Friday, July 13, 2007

Canadian Marine Mammal Facilities

At least seven facilities in Canada have kept whales, dolphins and other marine mammals in captivity for various lengths of time. They include Marineland of Canada, the Vancouver Aquarium, the West Edmonton Mall and Sealand of the Pacific.

Marineland of Canada

Located in Niagara Falls, Marineland opened in 1961 with three sea lions on one acre of land and soon acquired bottlenose dolphins, seals, fallow deer and sea turtles. By the end of the 1970’s it had expanded to 1000 acres and housed bears, elephants, bison, lions, tigers, crocodiles, several species of birds and orca whales, among other animals. Most of these species had gone missing from the park by the mid-eighties.

In 1998, Friendship Cove, a $20 million whale habitat opened. At the same time, Marineland applied to the federal government to capture beluga whales in Manitoba’s Churchill estuary but was denied. The following year, Marineland imported three beluga whales from a military facility in Russia. Over the next four years, additional belugas, bottlenose dolphins and walruses were imported from Russia to the park.

In 2004, Arctic Cove opened as the new home for Marineland’s belugas. Future works include a shark and stingray exhibit, an interactive dolphin habitat and a number of aquarium complexes. Marineland also features a number of amusement park rides.

Over the years, the park has been found in violation of a number of environmental regulations and the owner was charged and fined $10,000 by the National Marine Fisheries Service for importing dolphins into the U.S. illegally.

Marineland’s animals have injured numerous people over the years, including a trainer who was dragged around a pool by an orca in 1986 and an 11-year-old girl who was bitten by a beluga in 2001. Countless children have reportedly been trampled, kicked and bitten by many of the park’s several hundred deer.

Currently on display are four orcas, eight bottlenose dolphins and twenty-five belugas, as well as walruses, sea lions, deer, bison, elk and bears. At least 40 cetaceans are believed to have died at Marineland since the early sixties. It is not known how many other animals have died there over the years.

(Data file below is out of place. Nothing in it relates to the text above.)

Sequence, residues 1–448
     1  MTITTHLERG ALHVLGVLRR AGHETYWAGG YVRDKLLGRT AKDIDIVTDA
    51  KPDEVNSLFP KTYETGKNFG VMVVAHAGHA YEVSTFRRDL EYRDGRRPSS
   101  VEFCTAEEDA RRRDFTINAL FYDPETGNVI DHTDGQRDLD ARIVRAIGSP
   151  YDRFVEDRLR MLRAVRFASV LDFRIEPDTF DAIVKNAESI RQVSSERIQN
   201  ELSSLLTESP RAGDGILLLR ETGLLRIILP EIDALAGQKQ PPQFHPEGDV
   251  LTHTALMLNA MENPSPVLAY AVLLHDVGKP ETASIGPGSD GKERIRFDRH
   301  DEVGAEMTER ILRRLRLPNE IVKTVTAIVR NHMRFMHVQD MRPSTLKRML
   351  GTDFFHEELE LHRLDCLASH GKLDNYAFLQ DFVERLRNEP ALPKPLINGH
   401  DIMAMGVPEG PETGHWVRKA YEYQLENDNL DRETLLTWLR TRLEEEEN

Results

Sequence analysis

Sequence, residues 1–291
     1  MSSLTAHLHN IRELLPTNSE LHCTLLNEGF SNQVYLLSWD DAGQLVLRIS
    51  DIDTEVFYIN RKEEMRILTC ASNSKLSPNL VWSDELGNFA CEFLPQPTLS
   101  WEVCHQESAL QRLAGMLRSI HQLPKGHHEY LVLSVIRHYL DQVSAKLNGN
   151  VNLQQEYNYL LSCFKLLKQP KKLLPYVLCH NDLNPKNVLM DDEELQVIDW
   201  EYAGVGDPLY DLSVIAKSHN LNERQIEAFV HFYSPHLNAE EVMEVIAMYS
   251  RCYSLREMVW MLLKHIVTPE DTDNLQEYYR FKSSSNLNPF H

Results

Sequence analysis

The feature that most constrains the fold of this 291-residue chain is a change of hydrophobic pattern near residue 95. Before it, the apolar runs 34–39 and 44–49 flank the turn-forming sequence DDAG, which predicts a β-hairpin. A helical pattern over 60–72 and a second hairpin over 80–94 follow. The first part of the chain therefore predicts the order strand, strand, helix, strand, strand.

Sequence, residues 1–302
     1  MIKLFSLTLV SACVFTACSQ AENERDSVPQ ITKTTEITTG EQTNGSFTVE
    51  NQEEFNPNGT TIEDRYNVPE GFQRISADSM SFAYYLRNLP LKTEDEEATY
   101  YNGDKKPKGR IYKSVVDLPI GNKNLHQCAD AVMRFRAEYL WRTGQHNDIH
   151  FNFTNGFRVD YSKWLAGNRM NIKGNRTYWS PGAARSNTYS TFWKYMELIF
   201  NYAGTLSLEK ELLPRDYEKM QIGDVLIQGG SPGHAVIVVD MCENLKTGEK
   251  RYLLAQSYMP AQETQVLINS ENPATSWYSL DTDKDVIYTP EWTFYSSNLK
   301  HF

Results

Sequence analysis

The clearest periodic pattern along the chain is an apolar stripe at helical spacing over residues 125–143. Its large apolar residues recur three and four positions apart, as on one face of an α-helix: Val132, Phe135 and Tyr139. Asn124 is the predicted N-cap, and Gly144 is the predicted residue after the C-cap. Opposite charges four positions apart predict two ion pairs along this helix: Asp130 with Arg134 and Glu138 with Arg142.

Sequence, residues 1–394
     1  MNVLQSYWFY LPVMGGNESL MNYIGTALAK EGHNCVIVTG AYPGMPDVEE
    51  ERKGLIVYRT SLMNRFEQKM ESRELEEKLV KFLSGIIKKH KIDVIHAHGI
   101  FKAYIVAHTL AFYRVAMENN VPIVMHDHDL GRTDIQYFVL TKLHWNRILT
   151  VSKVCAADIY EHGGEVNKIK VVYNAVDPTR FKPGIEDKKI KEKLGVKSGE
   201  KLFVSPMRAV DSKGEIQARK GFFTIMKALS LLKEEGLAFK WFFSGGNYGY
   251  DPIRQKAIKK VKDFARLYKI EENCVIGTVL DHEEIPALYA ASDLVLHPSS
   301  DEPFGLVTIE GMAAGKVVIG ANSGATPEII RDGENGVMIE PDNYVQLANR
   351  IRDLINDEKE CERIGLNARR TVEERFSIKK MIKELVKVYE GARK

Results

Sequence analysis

Vancouver Aquarium

The not-for-profit facility opened in 1956 in Vancouver’s Stanley Park. In 1964 a sculptor was hired to find and kill an orca so it could be used as a model for the Aquarium’s whale sculpture. A young male was harpooned but survived. ‘Moby Doll’ was then put in a makeshift pen in Vancouver Harbour but died shortly after from complications brought on by the low salinity of the harbour water.

In 1967, a female orca and two beluga whales from Alaska arrived at the aquarium; three years later, six narwhals were captured for the Aquarium. All six narwhals died within four months.

There are currently four Pacific white-sided dolphins and five beluga whales at the Vancouver Aquarium. It is estimated that twenty-five cetaceans have died at the Aquarium over the years.

West Edmonton Mall

Billed as the world’s largest shopping center, the West Edmonton Mall in Alberta had four bottlenose dolphins captured off the coast of Florida in 1985 for display. Five additional dolphins were born at the WEM in 1992, 1993, 1996 and 2002, respectively, with all of them dying during or shortly after birth. By 2003, all the dolphins except one, Howard, were dead.

In 2004, under pressure from national and international animal protection groups to relocate the remaining dolphin and permanently close the dolphin lagoon, the WEM moved Howard to an aquatic park in the Florida Keys, to live out the rest of his life in the company of other captive dolphins. A year later, Howard died.

Sealand of the Pacific

The now defunct Sealand of the Pacific opened in 1967 in Victoria, British Columbia. It held several bottlenose dolphins around 1969 and 1970, and the first orca captured for Sealand was Chimo, a female albino in 1970. Nine other orcas were captured for the park between 1970 and 1992, with two births occurring at the facility.

In 1991, a part-time trainer slipped and fell into the whale pool after a performance. Three orcas, Tillikum, Nootka IV, and Haida II, dragged and repeatedly submerged the 20-year-old until she drowned. The park closed the following year when the city refused to renew its license.

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